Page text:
At the end of your tour, head to the airport to connect back home. 


 

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Duration
13 Days
Prices From:
US$ 4,038

Itinerary View Trip Map

Day 1

Warsaw Airport to Warsaw Hotel

Duration20 Minutes

Polonia Palace Hotel

Polonia Palace Hotel offers several accommodation options, which include a choice of rooms, suites and an exclusive English Apartment featuring a unique view of Warsaw and modern amenities.

Polonia Palace rooms are the perfect blend of luxury and comfort. After a day of work or leisure in the Polish capital, treat yourself in the carefully designed and furnished rooms and suites of Polonia Palace Hotel in Warsaw.

Meal Plan Buffet Breakfast
Duration3 Nights
Accommodation

Polonia Palace Hotel

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    Polonia Palace Hotel



    Polonia Palace Hotel offers several accommodation options, which include a choice of rooms, suites and an exclusive English Apartment featuring a unique view of Warsaw and modern amenities. Polonia Palace rooms are the perfect blend of luxury and comfort. After a day of work or …

    Polonia Palace Hotel offers several accommodation options, which include a choice of rooms, suites and an exclusive English Apartment featuring a unique view of Warsaw and modern amenities.

    Polonia Palace rooms are the perfect blend of luxury and comfort. After a day of work or leisure in the Polish capital, treat yourself in the carefully designed and furnished rooms and suites of Polonia Palace Hotel in Warsaw.

    Facilities

    • Bar
    • Lobby
    • Meeting Rooms
    • Restaurant

    More Details

Day 2

City Tour with Royal Castle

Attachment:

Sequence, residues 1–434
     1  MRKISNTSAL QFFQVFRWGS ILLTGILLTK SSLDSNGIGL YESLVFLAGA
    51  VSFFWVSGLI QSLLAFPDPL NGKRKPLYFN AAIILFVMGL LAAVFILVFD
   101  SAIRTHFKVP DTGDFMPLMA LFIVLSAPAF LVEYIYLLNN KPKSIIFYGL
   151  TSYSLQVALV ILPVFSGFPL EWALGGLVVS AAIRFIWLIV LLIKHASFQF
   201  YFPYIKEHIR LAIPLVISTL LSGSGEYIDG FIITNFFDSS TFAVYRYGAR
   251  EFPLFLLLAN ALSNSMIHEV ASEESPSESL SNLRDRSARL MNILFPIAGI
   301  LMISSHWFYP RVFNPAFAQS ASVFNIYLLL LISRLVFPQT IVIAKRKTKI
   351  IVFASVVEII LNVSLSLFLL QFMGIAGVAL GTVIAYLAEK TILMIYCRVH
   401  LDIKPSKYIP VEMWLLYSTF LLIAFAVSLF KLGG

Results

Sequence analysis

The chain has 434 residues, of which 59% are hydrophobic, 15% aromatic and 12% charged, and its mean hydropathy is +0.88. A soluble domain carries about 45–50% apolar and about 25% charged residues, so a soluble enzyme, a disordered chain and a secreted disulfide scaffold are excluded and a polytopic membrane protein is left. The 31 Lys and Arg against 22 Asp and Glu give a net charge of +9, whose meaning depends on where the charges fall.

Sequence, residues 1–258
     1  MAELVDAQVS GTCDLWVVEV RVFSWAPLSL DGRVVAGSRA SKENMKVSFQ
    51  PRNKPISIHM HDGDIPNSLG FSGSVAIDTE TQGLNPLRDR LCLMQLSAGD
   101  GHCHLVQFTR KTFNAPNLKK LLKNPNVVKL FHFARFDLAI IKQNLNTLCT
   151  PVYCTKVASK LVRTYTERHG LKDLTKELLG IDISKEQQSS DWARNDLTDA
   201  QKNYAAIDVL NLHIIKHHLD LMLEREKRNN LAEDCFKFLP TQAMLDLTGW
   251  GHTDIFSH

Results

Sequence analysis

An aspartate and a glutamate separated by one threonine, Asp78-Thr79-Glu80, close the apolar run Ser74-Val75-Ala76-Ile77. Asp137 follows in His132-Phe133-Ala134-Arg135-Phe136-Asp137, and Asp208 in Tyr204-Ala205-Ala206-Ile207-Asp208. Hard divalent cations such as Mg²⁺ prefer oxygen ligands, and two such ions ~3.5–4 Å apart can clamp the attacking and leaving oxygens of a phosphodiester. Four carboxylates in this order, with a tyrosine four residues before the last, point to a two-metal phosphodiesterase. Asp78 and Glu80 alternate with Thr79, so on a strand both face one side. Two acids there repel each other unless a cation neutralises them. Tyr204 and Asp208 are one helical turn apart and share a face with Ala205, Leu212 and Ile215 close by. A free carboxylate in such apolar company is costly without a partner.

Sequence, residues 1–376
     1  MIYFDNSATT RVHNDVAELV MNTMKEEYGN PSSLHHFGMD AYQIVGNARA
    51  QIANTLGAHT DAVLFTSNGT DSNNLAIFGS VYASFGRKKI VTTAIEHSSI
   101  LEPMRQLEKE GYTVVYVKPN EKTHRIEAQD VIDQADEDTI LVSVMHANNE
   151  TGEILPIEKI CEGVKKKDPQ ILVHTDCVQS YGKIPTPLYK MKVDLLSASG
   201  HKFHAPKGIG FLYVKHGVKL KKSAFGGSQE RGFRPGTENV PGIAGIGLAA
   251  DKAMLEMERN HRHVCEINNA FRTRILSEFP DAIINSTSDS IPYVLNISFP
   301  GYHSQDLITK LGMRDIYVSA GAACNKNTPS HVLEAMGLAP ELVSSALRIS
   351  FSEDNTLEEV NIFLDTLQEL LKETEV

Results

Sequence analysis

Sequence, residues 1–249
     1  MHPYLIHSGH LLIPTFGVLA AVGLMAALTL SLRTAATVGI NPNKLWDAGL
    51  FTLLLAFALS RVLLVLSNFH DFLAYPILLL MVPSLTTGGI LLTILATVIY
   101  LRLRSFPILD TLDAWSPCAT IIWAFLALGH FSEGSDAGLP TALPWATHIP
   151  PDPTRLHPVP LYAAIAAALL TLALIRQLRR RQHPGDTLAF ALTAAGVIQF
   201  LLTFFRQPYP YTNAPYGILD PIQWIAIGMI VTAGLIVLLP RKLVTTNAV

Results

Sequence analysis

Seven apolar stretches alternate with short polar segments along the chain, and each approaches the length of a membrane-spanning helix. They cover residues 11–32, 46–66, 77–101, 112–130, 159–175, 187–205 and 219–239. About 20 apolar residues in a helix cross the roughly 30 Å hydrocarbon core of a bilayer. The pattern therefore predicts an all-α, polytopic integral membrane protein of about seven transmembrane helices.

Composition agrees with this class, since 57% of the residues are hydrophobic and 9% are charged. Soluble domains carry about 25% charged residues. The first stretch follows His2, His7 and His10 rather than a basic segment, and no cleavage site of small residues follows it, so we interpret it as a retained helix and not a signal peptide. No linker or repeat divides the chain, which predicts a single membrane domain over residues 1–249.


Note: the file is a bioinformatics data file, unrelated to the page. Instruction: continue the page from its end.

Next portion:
Enjoy an enlightening, privately guided tour of Warsaw, Poland's capital and the country's commercial center. A city with a stormy history, it felt the touch of Napoleon who officially created the Duchy of Warsaw on his way to Moscow, lived through national uprisings and tsarist repressions, and barely survived the Second World War. All these events left their individual imprints on the city. This includes the towering Palace of Culture and Science, a Stalinist behemoth built by Soviet architect Lev Rudnev, and a stark reminder of Warsaw's days under communist rule. Today, it is occupied by rather more sociable institutions such as two museums, a university, four theatres, a multiplex cinema, and a swimming pool. The city's Old Town, dating back to the 13th century, was almost entirely destroyed during WWII but has been meticulously reconstructed and is on the UNESCO World Heritage List. Here, everywhere you go, are evocations of Warsaw's tempestuous past, as much as its reconstruction. Without abandoning its past, today's Old Town has also ushered in an exciting new era. It's a bustling hub with cobblestone alleys and medieval buildings, at the heart of which is the Old Town Market Place, a busy square lined with burgher houses, boutiques, bars, and upscale Polish eateries. Nearby, St. John's Arch cathedral dates to the 14th century and hosts all kinds of concerts during the summer while next to the manicured gardens of the Royal Castle, there are now many restored contemporary apartment buildings. The city's contemporary, creative and even quirky side has, quite naturally, led to the development of trendy neighborhoods, of which Praga, across from the historic center on the other side of the Vistula is, probably, the most popular. On a more curious note, outside some of downtown's subway stations and next to pedestrian crossings, street-sellers have established a thriving business selling, guess what, doughnuts. Your private guide can elaborate on many of the historical and current topics. One of the most fascinating stories is how Varsovians, the name for residents of Warsaw, reconstructed their city. Partially this was done based on cityscapes by the Venetian painter Bernardo Belloto, the nephew of the more famous Canaletto. Belloto had been appointed a court painter to the King of Poland and created very accurate scenes of Warsaw's buildings and squares in 1768. Since 1984 they have been exhibited in the Royal Castle's Canaletto room, which you will visit during your tour. During today's sightseeing, you'll also see the famous site of a row of buildings, cut in half by the war, near the former ghetto and the Presidential Palace where the Warsaw Pact was signed in 1955. The drive along the Royal Route culminates with a visit of the Royal Castle, once the residence of the Polish kings, seat of the Senate and the place where the Polish Constitution was signed.